Portfolio. Don’t trust a portfolio as an indicator of a photographer’s skill. Again, if you shoot long enough, you are bound to find a few gems in the bunch.

Make sure that the portfolio they show you in person aren’t just the same images you saw on the website.

Make sure you look online and see if the photos are the photographers

MOST IMPORTANT. Make sure that the photos are recent. Photographers should have an updated portfolio showing their recent ability.

What is the photographers experience in photography and in digital photography? There are many semi-professional photographers that take nice photos, but do not really understand their gear, or how to create an image. They photograph thousands of photos and take up valuable time looking at their monitors trying to figure out how to make a good image DURING your wedding.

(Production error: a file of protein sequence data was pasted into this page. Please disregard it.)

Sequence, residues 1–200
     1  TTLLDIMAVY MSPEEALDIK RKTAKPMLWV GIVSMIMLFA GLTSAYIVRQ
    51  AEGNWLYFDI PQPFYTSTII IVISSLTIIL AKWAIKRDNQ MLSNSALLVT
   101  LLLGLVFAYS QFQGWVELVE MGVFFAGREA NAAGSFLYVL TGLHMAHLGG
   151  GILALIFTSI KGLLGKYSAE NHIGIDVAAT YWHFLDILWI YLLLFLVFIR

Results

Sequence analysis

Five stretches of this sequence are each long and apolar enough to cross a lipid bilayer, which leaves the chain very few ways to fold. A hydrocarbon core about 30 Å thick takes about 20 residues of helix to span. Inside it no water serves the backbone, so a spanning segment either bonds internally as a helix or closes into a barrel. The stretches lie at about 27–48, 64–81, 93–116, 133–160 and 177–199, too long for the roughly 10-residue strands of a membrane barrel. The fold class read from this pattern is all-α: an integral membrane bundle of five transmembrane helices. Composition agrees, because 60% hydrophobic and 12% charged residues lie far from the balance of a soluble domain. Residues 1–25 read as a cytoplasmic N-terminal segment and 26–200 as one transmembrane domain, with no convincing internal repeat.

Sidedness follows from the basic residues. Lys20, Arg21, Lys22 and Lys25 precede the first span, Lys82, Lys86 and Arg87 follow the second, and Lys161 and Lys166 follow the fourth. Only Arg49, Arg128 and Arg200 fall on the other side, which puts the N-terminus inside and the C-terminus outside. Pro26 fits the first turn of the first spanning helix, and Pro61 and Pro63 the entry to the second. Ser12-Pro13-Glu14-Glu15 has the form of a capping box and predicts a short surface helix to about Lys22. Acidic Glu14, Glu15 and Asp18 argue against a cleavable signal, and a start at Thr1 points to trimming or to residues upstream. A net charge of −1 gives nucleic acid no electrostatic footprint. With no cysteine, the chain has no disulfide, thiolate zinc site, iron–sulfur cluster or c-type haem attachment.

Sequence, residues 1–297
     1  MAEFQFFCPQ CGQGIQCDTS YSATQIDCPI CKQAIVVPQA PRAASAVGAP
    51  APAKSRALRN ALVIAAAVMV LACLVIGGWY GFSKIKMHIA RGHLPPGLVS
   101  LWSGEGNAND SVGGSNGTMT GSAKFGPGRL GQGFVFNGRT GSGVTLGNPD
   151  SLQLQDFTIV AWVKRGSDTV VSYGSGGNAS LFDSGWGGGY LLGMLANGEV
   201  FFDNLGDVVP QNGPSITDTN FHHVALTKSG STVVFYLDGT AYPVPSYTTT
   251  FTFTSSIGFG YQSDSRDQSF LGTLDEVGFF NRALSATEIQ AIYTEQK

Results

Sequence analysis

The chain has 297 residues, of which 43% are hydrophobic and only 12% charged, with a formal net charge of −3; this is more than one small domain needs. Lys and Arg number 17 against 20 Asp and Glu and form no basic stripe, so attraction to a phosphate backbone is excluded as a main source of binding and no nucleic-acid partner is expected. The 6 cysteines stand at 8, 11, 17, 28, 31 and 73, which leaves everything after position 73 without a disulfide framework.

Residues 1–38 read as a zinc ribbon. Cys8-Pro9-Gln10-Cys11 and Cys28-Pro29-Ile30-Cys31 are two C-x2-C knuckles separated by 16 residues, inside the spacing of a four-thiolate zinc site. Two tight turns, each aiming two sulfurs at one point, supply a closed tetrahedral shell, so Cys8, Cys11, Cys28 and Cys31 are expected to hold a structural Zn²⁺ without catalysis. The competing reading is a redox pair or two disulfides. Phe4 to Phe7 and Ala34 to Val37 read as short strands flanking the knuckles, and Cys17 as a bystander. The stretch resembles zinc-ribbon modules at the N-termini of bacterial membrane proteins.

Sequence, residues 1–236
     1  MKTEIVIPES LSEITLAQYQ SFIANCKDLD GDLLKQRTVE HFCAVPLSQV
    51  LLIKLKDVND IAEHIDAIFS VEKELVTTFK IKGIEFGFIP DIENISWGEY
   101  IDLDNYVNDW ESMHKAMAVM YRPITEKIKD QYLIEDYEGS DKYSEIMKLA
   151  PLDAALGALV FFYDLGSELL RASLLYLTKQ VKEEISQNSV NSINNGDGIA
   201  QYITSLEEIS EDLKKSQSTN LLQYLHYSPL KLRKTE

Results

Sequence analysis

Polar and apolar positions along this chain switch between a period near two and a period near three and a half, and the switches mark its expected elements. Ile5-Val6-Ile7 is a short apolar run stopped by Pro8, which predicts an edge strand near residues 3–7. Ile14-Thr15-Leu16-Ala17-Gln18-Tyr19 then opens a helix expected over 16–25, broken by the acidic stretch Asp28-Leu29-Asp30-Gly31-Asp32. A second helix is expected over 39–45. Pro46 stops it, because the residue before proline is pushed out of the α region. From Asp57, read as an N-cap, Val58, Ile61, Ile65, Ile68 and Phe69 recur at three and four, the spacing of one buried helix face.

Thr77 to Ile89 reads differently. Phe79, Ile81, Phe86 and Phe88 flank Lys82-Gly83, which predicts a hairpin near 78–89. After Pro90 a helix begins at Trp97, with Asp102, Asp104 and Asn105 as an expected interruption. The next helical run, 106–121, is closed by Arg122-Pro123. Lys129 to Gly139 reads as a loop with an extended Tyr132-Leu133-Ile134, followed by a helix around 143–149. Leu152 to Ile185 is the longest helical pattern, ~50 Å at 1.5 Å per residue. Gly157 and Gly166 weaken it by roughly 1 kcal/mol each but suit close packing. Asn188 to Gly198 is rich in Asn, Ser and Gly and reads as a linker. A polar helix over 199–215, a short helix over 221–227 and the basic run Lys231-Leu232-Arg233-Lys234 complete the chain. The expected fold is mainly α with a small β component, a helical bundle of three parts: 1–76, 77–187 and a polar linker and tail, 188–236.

->Business Sense. The wedding photography business is 40% photography and 60% business. A man with a camera is not a company. Check them out.

Ask to see their contract. Contracts are important. They provide a written agreement of expectations and responsibilities for both parties. No contract, no go!

Inquire if the photographer has a network of other photographers that will shoot if something horrible happens to them. You don’t want to be short a photographer on your wedding day, and it shows the photographer is respected amongst his peers.

Ask about time tables. A professional photographer should be able to accurately tell you when you can expect to see your photos and album.